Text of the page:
Toyota Subaru Sports Car
The understeer isn’t a deal-breaker; with perfectly timed and moderated inputs (or with huge, pimp-slap jerks on the wheel and heavy stomps on the go pedal), it is possible to avoid it all together and turn it into delicious oversteer. When the rear end goes, even in the wet, the BRZ slides slowly and progressively. It’s so easy to catch that you might find yourself fishing in your pocket for spare change with one hand while the other meters yaw around an off-ramp. (Subaru says that Toyota’s suspension tune will vary slightly, a tad softer in the front and stiffer out back.) The brake pedal feels a little less wired than the rest of the car, but the binders wind the speedo back toward 0 in a hurry.
Conducting the chassis is steering that is more immediate than anything this side of the Lotus factory. Its heft is perfect for resisting unintentional inputs at the limit. Feedback falls short of perfection, but only slightly; blame the electric steering if you must. The electric motor assisting the BRZ’s rack is mounted high up on the firewall, contributing to a slightly higher center of gravity but simultaneously shifting the front/rear weight balance a touch rearward.
In developing the BRZ, Subaru took an almost maniacal approach to weight and its management, keeping it low and evenly distributed between the car’s axles. The company claims that 54 percent of this car’s mass rides on the front wheels and 46 over the rear, and says that its center of gravity is right around 18 inches high. That latter figure rivals or beats the measurements for the Porsche Cayman and Mazda RX-8, among others.
Helping keep the mass snug against Mother Earth is the FA flat-four. Compared to the FB four found in other Subies, the FA’s intake is 2.6 inches lower and the oil pan clings closer to the crankcase, allowing it to be mounted with its crankshaft centerline 2.4 inches lower. Amazingly, the engine is mounted 9.4 inches farther back in the chassis than an Impreza’s four. A Subaru spokesman says the two engines share “maybe a few screws, ” but are otherwise completely separate pieces. We’re told the weight difference between the two is negligibly in favor of the A. Placing the engine so far rearward of course helps balance the car, but it also precludes Subaru from fitting an all-wheel-drive system. The company says that it has no room for a turbocharger either, but after peering under the hood, we disagree. Besides, Subaru desperately needs something to tie this car to the rest of its lineup, and a turbocharged STI model would be the perfect solution. Although the BRZ doesn’t need more power, it certainly could handle more. We’re guessing that a turbo will be part of whatever mid-cycle updates this car sees in two or three years.Top speed is said to be 143 mph. A resonator pipes sound into the cabin, and above 5000 rpm, there’s enough noise inside the car that you’ll need to scream to talk. Not that you’ll be having much conversation. That said, we wouldn’t call the quality of the sound unmistakable; it could be taken for a number of undesirable things. Having heard what aftermarket exhaust companies do for other Subaru flat-fours, though, we’re confident that they can coax a better voice out of this 7400-rpm screamer./p pIn spite of its higher output, the FA should still manage 30 mpg on the highway, according to Subaru. Underbody paneling helps keep a clean aerodynamic profile, although the company still hasn’t decided if the treatment will be standard on all U.S. cars or only on higher trim levels./p table border="0" cellpadding="2" cellspacing="0"x">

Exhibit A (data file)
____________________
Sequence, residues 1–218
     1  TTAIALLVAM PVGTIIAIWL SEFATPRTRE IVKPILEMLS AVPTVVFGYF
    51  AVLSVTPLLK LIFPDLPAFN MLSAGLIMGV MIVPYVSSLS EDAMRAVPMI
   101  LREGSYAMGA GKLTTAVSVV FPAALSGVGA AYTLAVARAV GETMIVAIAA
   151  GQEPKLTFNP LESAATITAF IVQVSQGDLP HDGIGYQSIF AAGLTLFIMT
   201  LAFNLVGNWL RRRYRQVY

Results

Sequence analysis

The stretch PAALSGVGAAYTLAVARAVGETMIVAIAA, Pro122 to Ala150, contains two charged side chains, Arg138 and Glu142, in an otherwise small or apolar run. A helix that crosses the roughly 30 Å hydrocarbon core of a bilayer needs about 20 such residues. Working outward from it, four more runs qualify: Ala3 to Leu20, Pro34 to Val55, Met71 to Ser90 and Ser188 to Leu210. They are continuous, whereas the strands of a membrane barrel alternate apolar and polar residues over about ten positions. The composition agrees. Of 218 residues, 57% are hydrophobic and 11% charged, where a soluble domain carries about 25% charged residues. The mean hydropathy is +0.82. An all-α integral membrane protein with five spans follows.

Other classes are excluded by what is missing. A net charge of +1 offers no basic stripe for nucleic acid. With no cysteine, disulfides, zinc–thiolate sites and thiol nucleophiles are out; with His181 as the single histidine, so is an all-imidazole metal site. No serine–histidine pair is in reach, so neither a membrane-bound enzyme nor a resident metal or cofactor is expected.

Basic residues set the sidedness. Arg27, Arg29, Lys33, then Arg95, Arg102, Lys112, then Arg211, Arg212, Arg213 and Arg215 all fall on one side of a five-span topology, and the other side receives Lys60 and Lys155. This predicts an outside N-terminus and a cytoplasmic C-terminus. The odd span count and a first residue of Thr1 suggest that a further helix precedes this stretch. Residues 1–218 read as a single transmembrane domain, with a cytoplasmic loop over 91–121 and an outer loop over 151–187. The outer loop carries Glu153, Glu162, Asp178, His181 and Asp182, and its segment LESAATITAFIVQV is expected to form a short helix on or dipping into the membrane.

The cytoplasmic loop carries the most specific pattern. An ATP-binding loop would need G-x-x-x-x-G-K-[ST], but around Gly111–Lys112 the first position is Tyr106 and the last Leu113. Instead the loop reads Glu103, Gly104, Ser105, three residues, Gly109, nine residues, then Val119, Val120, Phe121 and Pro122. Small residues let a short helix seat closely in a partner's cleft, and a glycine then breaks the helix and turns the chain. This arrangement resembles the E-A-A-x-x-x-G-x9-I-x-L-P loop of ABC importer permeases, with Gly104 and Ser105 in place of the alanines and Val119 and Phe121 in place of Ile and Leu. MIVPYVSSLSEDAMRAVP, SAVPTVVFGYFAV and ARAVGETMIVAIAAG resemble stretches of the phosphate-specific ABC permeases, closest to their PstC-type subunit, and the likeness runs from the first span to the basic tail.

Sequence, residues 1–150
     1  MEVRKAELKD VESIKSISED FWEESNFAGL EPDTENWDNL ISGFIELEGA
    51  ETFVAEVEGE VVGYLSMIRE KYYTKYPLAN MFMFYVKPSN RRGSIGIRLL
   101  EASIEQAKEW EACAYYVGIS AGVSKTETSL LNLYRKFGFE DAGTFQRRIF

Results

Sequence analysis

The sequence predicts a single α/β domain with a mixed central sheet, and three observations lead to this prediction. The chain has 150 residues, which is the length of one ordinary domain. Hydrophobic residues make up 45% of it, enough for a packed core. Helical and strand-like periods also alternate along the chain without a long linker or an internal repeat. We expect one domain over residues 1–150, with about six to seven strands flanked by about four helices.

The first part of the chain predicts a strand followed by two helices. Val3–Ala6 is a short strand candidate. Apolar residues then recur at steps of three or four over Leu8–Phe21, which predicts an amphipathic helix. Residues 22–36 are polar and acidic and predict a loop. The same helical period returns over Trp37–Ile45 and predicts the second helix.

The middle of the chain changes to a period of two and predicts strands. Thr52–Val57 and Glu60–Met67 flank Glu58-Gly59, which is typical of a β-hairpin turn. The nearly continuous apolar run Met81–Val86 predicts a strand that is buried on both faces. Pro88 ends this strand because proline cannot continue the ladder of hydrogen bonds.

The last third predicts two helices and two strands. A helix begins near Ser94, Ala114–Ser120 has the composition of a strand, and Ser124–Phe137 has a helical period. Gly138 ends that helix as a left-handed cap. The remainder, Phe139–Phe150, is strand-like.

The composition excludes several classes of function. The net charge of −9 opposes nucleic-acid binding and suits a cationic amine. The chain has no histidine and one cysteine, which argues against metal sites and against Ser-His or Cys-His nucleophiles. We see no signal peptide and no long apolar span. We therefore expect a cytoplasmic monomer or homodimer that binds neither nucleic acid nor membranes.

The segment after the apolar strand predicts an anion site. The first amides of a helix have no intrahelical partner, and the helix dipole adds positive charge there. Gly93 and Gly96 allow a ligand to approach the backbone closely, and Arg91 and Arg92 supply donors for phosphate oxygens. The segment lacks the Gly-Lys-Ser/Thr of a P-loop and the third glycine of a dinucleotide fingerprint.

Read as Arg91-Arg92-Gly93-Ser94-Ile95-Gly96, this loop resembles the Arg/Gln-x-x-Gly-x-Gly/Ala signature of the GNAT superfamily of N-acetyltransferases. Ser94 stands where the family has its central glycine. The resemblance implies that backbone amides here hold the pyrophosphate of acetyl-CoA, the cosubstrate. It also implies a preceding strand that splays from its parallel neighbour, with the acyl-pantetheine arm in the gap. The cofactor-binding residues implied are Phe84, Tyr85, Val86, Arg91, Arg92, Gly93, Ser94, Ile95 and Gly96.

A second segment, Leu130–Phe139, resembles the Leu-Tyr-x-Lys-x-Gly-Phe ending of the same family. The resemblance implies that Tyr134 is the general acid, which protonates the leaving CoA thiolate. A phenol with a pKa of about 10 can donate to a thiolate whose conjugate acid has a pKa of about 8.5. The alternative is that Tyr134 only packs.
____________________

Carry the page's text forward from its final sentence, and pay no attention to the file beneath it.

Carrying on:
Even the Weenies are Treated Well
As mentioned, two six-speeds are available, a manual and an automatic. Following our drive of the BRZ in Japan, the manual had us seeking a temple at which we might make an offering of thanks. The clutch pedal is a touch light—and a touch light on feel—but snaps to attention right off the floor and engages smoothly, and the stubby shifter snicks between gates with ease. Heretics who buy their sports cars with automatics will at least get a good unit. There are two modes in the Subaru: Drive and Sport. Wheel-mounted paddles are standard; in D, the transmission allows them to make gearchange suggestions but still upshifts at redline and downshifts when the driver floors the accelerator. In Sport mode, however, paddle commands are gospel—the way God’s lazy, automatic-driving half-brother intended.
While most of the engineering and chassis work is Subaru’s doing, the styling fell to Toyota. It apparently drew a basic coupe shape and—well, it must have seen it created something less than sultry but stuck with it anyway. It’s good enough. The view from abaft is actually fairly exciting, with the slope of the greenhouse hesitating just slightly to form a decklid before tumbling into the rear fascia. Only the front fascia, badges, and maybe wheels separate the BRZ from its Toyota—and Scion—sibling. The suggestion of flares on the front fenders merely alludes to the muscular (some might say exaggerated) styling of the various concept cars, but the U-shaped view from the driver’s seat over the scooped-out hood is at least unique. Visibility in all directions is much better than most sports cars.